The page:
Suddenly the air of my winter den becomes charged. I smell and feel the tingle of energy, and I hear with newly waked ears: My dilemma is a false construct. The choice is always and only this: to follow Jesus today, or not. Where the call leads, and whether the effort “succeeds” or “fails” is not my concern. I am called to follow Jesus, step by step, day by day. It may look like a choice between the safety and security of the known, concrete, justifiable ways I’ve settled into, or the challenge of moving in new directions without a roadmap. “Faithfulness to tasks” is a well-accepted excuse to avoid “faithfulness to follow God into new territory.” Prayerful discernment is needed. But the essence of the choice isn’t between new or ordinary, big or little, scary or safe; it is always and only a choice to follow (or not follow) the voice of Jesus.

Enter Google Blog post for February 6, 2012. Recently, Google sponsored “the solve for X gathering,” a place to enthusiastically engage in “technology moonshots,” efforts to address seemingly impossible problems with creativity, cooperative problem solving, and technology. “Moonshots live in the gray area between audacious projects and pure science fiction; they are 10x improvement, not 10%.” As I read this, something jumped inside of me: hope, now fully awake, breaking out of its self-imposed prison. Mt. Fuji can stay where it is until the Microsoft people or God move it; It looks quite glorious right where it is, but there are other seemingly impossible problems which God is calling me and you to pray and creatively cooperate with others to address in the name of Jesus.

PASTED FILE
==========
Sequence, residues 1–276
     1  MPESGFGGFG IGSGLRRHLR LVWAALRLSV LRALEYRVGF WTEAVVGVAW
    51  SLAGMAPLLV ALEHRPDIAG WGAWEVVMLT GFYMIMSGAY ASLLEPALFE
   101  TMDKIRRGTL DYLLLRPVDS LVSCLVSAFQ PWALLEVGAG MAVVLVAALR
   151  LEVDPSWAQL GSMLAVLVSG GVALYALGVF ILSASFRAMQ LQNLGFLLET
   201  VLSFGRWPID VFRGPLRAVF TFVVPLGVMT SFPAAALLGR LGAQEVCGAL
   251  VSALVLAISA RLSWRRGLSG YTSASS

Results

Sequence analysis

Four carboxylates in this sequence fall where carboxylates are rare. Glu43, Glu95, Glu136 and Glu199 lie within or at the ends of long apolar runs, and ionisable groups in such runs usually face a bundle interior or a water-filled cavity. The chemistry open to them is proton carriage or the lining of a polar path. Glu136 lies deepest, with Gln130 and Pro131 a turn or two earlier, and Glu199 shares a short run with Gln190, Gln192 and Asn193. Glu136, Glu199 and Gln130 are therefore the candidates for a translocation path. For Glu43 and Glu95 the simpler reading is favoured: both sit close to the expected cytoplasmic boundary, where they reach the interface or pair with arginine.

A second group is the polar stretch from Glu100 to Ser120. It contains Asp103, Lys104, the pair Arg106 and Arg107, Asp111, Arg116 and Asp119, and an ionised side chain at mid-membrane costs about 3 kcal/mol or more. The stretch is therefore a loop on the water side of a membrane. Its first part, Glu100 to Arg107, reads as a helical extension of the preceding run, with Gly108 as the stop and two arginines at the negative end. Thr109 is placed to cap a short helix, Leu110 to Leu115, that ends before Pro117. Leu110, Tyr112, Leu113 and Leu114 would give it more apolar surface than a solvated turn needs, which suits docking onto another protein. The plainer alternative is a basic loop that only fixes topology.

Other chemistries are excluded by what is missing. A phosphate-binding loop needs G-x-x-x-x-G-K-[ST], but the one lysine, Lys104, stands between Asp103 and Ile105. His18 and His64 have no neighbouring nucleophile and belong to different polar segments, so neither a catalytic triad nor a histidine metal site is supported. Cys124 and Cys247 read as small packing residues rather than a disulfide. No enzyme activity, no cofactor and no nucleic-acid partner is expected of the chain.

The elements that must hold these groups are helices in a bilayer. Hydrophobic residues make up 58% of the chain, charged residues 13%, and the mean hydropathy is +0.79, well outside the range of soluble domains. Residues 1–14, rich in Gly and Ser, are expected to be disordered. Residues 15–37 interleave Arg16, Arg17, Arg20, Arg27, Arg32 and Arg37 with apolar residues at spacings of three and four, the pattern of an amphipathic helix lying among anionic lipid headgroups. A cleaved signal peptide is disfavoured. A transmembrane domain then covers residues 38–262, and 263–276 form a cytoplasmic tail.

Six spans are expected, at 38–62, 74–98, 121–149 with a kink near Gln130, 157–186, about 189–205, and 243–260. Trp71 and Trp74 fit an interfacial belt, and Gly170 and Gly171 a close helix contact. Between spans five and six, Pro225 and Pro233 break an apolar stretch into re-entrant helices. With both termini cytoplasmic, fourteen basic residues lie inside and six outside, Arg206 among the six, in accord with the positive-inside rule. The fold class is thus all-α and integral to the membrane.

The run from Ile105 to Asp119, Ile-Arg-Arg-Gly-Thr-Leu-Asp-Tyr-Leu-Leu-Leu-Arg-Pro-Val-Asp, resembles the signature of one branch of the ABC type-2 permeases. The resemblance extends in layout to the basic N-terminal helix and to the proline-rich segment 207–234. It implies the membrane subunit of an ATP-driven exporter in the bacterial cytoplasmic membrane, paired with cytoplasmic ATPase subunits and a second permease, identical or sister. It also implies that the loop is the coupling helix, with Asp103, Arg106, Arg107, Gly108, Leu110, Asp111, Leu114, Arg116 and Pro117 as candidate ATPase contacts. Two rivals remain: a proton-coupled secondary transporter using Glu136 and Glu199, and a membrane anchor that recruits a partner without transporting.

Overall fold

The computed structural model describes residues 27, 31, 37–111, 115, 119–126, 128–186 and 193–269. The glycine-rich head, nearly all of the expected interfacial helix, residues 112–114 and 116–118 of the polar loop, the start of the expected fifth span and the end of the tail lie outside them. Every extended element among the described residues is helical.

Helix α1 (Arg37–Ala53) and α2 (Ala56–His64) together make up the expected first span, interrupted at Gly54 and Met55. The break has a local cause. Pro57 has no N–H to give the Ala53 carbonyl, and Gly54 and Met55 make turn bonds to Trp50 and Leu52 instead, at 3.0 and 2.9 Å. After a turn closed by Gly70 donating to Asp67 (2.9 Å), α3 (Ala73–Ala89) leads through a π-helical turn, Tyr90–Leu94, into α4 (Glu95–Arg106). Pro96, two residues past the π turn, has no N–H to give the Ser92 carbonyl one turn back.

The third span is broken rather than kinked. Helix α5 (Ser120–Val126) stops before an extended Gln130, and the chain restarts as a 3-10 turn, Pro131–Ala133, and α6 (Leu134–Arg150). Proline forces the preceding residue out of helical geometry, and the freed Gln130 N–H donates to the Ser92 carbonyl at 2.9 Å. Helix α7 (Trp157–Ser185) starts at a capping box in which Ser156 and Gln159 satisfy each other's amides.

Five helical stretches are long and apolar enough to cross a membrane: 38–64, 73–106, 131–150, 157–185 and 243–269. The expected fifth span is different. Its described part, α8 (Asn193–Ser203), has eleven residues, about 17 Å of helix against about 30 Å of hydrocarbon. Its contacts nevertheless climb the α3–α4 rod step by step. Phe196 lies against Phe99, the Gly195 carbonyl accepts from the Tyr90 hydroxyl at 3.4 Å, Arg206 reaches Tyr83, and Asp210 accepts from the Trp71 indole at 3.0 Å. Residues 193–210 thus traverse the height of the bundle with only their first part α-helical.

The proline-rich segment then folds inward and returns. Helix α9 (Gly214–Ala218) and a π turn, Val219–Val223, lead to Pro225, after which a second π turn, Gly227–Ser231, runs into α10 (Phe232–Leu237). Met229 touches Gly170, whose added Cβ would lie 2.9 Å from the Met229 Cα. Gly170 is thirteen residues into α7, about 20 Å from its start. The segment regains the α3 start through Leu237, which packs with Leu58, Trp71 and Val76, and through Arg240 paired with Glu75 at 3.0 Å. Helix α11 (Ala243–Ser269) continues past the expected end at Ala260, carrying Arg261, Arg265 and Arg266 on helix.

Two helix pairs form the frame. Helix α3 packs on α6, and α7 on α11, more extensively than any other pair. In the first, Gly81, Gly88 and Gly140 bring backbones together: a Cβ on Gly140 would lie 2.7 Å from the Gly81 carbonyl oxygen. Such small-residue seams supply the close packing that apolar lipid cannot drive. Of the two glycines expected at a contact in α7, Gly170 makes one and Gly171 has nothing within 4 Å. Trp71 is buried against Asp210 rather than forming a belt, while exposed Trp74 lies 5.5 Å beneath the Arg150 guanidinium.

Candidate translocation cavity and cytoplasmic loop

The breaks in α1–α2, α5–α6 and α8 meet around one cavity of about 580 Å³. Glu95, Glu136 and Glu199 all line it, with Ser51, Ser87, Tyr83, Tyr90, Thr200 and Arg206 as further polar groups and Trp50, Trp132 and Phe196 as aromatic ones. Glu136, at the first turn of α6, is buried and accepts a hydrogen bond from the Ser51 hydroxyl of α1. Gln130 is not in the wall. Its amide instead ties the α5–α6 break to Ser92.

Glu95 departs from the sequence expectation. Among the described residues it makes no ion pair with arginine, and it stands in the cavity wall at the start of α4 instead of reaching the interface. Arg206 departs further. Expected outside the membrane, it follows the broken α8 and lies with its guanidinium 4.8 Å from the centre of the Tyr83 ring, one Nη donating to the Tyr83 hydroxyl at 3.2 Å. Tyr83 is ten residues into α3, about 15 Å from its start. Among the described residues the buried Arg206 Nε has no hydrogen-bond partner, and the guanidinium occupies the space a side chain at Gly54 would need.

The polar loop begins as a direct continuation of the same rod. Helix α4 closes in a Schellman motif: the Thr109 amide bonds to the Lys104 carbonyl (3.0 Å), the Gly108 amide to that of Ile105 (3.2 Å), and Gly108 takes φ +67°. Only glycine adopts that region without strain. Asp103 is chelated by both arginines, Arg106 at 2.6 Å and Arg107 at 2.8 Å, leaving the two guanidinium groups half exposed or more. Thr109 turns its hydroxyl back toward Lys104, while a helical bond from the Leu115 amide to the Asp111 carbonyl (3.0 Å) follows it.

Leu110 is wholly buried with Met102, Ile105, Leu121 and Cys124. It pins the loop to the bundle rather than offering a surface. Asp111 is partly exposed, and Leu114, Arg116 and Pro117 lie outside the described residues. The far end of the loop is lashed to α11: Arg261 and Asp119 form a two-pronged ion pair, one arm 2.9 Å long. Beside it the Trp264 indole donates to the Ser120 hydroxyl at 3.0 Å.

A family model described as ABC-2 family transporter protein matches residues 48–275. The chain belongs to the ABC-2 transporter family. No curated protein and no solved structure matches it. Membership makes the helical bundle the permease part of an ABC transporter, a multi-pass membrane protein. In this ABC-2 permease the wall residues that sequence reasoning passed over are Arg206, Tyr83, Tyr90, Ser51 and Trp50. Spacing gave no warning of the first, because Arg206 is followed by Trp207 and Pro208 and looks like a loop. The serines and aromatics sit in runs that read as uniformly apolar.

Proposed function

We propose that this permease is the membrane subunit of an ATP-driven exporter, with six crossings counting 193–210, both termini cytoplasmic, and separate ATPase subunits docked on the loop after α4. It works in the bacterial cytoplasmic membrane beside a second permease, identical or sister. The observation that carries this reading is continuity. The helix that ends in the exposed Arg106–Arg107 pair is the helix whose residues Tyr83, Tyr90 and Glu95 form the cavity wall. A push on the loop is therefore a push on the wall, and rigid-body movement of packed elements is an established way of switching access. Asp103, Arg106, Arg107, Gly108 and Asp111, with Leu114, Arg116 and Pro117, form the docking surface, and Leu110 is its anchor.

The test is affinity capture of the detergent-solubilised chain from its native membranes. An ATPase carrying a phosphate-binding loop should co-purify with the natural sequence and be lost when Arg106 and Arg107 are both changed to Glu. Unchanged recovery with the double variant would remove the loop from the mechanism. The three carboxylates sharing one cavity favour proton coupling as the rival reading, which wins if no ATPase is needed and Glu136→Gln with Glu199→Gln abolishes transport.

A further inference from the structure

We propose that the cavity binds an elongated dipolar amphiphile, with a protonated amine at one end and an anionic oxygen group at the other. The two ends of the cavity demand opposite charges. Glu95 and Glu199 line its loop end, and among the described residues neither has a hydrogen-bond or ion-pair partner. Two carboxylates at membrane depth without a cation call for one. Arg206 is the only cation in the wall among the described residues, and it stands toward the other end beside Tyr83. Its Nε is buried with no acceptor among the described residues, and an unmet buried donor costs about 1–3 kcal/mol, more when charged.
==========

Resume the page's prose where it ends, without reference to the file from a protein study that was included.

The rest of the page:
What’s your “X”? Is there a wild, radical dream God has planted in your heart? Or perhaps you wouldn’t call it a dream yet, but a concern which has tugged at you for a long time, but it never seemed to really “fit” with your current tasks and responsibilities? Maybe you hear the whisper of the Spirit to faithfully follow the Lord, even in new directions. Neither solving for X nor moving a mountain is impossible for those who live in the faithfulness of God. And besides, the question is really only this: Will we follow the voice of Jesus today?

 

 

 

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2 Responses to “Moving Mt. Fuji? Moonshots?”

  1. At one time I had a dream of being like Jessica Fletcher on the “Murder She Wrote” TV show. I liked the way she supported herself writing books and how she helped people. But God wanted more of my attention so because of illness I’m concentrating on prayer and Bible study. I’ve often contemplated Matthew 17:20 “He replied, But you have so little faith. I tell you the truth, if you have faith as small as a mustard seed, you can say to this mountain, ‘Move from here to there’ and it will move. Nothing will be impossible for you.” I heard recently that the mountain could stand for a problem. From this scripture it sounds like we can order a problem to move. But maybe it is our attitude that has to change. So I’m trusting God to show me what the problem is so that I can command it to move with the faith as small as a mustard seed!

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    Posted by Bobbi on 12/13/09 February 26th, 2012 at 1:41 AMReply

    • I love the way you are dialoging with God as you reflect on Scripture, your life, and the world around you.

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      Posted by Andrea Johnson on 12/13/09 February 26th, 2012 at 8:30 AMReply